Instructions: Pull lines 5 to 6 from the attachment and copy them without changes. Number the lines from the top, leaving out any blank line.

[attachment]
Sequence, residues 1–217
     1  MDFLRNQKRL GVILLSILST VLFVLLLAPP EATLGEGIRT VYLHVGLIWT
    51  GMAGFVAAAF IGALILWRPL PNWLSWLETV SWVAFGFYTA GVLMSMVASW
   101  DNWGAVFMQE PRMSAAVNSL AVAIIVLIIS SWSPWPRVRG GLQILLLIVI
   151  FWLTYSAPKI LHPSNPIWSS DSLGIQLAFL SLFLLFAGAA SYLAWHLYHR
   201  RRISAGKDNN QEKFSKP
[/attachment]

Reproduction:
   151  FWLTYSAPKI LHPSNPIWSS DSLGIQLAFL SLFLLFAGAA SYLAWHLYHR
   201  RRISAGKDNN QEKFSKP